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‘Foxconn / Trios’ is a previously unreleased record originally recorded by d’Eon in 2012 during their involvement with the Hippos In Tanks label.
Over the course of the first eight (out of nine) tracks, d’Eon’s arsenal of sounds are rolled, stabbed and skipped through, presenting a more singular vision than d’Eon’s previous releases. Their nearest contemporaries can be found in the audio-materialist studies of Mark Fell, post ‘Oversteps’ Autechre, late period 0pn, or Lorenzo Senni.
d’Eon explains the material and the compositional process as follows: ‘The tracks comprising the record freely and irregularly travel both forward and backward in MIDI-time. By putting together small arrangements using low sample-rate soundfonts in a tracker, and by writing short loops that are legible both forwards and backwards, the MIDI information can be traversed in any arbitrary direction at any arbitrary intervals and still be harmonically and contrapuntally sound. Ordinary rhythmic patterns are inherently legible regardless of the firing order of events because of a snare’s inherent role as the up beat and a kick’s as the down beat. If all notes in a phrase and all chords in a progression work equally well with their neighbours before them and their neighbour after, the direction of the clock is irrelevant. If those conditions are met, a 32-bar, two- three- or four-chord pattern with a single melody is easily made into a fully through-composed piece of music that could continue for hours without any pattern repetition at all.’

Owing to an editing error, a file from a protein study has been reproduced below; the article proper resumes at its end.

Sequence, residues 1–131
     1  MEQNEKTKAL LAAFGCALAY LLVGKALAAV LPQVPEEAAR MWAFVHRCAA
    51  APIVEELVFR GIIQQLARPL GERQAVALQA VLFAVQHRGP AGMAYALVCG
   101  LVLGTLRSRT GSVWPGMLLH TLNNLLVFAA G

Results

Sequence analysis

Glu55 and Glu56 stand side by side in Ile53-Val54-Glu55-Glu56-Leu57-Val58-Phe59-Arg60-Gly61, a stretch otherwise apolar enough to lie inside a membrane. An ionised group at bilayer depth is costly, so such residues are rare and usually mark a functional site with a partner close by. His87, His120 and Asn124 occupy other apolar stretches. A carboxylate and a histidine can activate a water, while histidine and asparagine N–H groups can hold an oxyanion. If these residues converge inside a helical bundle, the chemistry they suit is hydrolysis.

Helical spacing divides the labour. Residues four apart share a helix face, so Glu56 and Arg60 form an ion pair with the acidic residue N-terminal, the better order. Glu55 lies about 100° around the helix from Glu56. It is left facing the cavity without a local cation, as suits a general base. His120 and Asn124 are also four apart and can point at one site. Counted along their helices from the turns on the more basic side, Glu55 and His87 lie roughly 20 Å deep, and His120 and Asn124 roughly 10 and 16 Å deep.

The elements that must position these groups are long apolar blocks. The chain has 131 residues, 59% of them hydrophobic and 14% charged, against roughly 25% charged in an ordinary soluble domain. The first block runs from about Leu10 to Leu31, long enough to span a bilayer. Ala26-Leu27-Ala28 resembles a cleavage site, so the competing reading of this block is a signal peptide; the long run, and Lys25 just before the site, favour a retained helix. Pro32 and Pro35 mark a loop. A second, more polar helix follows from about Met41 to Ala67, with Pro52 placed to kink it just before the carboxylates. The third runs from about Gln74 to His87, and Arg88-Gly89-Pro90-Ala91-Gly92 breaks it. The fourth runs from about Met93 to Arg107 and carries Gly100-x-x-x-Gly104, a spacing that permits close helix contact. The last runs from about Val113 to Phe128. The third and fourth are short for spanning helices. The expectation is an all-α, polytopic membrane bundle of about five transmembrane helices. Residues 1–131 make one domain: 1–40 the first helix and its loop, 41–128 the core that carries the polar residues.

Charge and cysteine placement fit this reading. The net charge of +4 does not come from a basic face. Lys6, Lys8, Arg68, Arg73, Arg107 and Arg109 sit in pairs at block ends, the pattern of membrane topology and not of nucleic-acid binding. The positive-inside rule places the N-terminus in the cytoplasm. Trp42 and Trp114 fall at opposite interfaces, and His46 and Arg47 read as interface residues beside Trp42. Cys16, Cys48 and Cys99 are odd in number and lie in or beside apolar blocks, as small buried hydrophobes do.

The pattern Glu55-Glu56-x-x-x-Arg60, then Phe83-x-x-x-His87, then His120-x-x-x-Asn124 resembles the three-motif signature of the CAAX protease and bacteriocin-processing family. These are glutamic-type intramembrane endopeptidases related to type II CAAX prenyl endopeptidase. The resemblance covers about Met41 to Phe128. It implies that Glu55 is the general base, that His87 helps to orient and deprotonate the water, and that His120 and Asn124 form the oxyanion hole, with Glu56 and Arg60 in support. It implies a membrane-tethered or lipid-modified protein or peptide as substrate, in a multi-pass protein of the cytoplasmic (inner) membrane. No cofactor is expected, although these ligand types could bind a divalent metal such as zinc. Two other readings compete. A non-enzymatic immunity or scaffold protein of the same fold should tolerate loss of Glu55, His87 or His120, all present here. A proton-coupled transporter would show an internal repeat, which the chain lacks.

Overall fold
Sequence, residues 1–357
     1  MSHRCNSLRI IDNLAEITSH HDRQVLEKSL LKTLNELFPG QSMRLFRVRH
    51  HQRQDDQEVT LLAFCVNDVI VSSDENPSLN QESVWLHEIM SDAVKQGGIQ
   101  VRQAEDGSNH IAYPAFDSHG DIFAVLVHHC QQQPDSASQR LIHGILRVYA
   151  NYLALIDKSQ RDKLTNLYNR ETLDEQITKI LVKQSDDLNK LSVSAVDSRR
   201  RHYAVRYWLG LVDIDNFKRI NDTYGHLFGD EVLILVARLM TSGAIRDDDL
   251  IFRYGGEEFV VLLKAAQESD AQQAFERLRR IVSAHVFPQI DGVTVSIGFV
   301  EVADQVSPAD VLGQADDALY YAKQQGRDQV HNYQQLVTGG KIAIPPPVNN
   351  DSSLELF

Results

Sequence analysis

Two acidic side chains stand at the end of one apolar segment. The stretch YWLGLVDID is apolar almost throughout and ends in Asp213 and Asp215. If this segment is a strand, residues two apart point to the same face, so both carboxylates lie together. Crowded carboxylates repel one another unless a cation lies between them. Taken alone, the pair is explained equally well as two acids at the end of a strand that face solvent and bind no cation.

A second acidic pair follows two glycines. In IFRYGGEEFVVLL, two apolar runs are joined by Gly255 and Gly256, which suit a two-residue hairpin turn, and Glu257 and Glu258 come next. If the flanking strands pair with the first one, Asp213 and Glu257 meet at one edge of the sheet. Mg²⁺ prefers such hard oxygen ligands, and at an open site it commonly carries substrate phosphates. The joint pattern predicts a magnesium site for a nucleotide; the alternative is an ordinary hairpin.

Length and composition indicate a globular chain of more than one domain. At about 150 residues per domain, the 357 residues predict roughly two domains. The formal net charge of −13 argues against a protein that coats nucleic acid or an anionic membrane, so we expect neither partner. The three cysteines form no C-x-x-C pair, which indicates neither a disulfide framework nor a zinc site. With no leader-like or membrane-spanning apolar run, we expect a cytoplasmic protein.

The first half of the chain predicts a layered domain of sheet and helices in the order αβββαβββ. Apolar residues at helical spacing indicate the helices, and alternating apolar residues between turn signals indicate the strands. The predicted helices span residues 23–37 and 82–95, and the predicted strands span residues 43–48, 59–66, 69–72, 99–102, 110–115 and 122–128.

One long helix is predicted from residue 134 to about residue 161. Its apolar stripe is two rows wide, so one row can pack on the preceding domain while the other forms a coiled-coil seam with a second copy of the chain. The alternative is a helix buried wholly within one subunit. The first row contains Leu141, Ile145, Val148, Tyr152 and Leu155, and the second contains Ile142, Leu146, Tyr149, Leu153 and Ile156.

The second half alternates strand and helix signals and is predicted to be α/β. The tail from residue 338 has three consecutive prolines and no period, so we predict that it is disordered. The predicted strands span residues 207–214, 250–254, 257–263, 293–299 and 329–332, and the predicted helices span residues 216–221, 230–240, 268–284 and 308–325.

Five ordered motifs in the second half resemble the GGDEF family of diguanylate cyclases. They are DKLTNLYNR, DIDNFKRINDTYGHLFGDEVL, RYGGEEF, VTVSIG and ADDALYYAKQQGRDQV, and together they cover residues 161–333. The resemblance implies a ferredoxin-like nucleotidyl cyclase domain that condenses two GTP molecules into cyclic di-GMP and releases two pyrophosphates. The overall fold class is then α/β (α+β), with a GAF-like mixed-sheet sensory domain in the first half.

The many facets of the new sound begin to unfold at the end, when the ninth and closing track ‘Foxconn II’ leaves the release’s dominating technique behind and rewrites the material into an instrumental R&B track. Though the same method is utilized throughout the first eight tracks it becomes striking that equally complex harmonic progressions are happening simultaneously producing a large plethora of moods, and revealing d’Eon’s ability to combine the radically novel and original with the familiar and more tangible. d’Eon cinematically takes elements from the past and with an elegant violence rapidly animates them into the future, shaping the path towards what’s to come. – Text by Nicolai Krog